Investors are betting even more money on LTE-only chips.
Israeli LTE chip firm Altair Semiconductor has raised a fresh $25 million, led by new investor Jerusalem Global Ventures, the company told VentureBeat. The round, which closed in March, brings Altair’s total funding to more than $125 million.
The company’s big focus has been on LTE-only chipsets. By eschewing legacy 3G connectivity, Altair is able to make LTE chips that are significantly cheaper than the competition.
How much cheaper? Altair was able to offer Verizon LTE chips for its inexpensive Ellipsis Android tablets for just $30, while Qualcomm chips would have been closer to the $80 to $90 range, cofounder Eran Eshed tells me. Those cheap LTE chips allow Verizon to offer the Ellipsis for free with a two-year data contract, or $250 at full price.
Altair is hoping to follow in the footsteps of Atheros, which bet its business entirely on Wi-Fi chips more than a decade ago, long before Wi-Fi became almost a standard feature in gadgets. Qualcomm scooped up Atheros for $3.1 billion a few years ago to get into the Wi-Fi chip market.
“I’m sure that if we can take the cost down to Wi-Fi [chip] levels, that’s a serious disruption,” Eshed said. “We’ll see this market take off to the point that it would make sense to integrate this hardware into devices even if a certain percentage don’t get activated.”
Eshed couldn’t say how much cheaper Altair is aiming to make its chips, but he hinted that it will be “significantly” less than the $30 price of its current products.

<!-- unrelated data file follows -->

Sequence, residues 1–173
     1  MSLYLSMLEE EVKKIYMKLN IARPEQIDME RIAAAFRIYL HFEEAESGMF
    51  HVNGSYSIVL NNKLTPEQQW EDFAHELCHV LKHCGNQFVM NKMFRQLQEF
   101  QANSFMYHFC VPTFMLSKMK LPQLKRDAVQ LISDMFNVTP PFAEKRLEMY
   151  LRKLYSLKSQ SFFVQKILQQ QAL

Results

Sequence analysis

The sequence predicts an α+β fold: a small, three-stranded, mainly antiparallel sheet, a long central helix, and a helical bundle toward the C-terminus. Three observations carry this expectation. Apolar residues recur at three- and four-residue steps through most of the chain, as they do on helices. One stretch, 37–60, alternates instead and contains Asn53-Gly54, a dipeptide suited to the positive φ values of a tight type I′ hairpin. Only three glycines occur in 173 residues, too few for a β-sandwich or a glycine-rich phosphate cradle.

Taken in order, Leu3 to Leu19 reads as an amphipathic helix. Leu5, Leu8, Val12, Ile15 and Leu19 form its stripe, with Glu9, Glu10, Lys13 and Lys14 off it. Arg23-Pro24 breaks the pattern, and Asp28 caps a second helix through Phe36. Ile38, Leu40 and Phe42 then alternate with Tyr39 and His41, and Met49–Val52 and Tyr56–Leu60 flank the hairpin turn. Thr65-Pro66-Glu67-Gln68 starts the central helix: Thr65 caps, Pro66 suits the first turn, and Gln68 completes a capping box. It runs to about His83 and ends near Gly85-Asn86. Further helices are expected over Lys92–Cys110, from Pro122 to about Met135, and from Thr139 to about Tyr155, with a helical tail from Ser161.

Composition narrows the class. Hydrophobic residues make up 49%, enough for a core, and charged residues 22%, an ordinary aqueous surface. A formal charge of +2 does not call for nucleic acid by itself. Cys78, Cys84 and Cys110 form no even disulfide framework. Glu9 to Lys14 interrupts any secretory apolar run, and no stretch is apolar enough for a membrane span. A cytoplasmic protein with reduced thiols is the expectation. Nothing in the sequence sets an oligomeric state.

While most cities are decently covered in 4G LTE networks today, it will be some time until 4G reaches the expansive coverage of older 3G and 2G networks. So, not surprisingly, Eran thinks it will be a few years until Altair’s chips will be suitable for smartphones. But for now, the company’s technology is ideal for things like tablets and laptops.
Eshed estimates Altair currently holds around 80 percent of the LTE-only chipset market. The company’s revenues have also grown significantly over the past few quarters, and Eshed says it’s planning to go public next year.
He’s also not too worried about the competition at this point: “There are no new players coming into this market, it’s too late,” Eshed said. “The big guys are all focused on trying to establish position on phones, it pays the bills. … Even big, capable funded companies failed in this space.”
VentureBeatVentureBeat's mission is to be a digital town square for technical decision-makers to gain knowledge about transformative technology and transact. Our site delivers essential information on data technologies and strategies to guide you as you lead your organizations. We invite you to become a member of our community, to access:
- up-to-date information on the subjects of interest to you
- our newsletters
- gated thought-leader content and discounted access to our prized events, such as Transform 2021: Learn More
- networking features, and more